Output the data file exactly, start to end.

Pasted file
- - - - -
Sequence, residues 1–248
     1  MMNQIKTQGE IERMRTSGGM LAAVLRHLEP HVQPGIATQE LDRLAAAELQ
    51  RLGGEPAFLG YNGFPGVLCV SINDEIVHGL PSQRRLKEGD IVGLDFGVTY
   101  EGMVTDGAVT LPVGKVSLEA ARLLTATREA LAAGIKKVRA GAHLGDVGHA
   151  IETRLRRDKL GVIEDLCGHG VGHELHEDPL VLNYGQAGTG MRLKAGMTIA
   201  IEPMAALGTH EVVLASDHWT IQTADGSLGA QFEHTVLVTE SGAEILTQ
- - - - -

Sequence, residues 1–248
     1  MMNQIKTQGE IERMRTSGGM LAAVLRHLEP HVQPGIATQE LDRLAAAELQ
    51  RLGGEPAFLG YNGFPGVLCV SINDEIVHGL PSQRRLKEGD IVGLDFGVTY
   101  EGMVTDGAVT LPVGKVSLEA ARLLTATREA LAAGIKKVRA GAHLGDVGHA
   151  IETRLRRDKL GVIEDLCGHG VGHELHEDPL VLNYGQAGTG MRLKAGMTIA
   201  IEPMAALGTH EVVLASDHWT IQTADGSLGA QFEHTVLVTE SGAEILTQ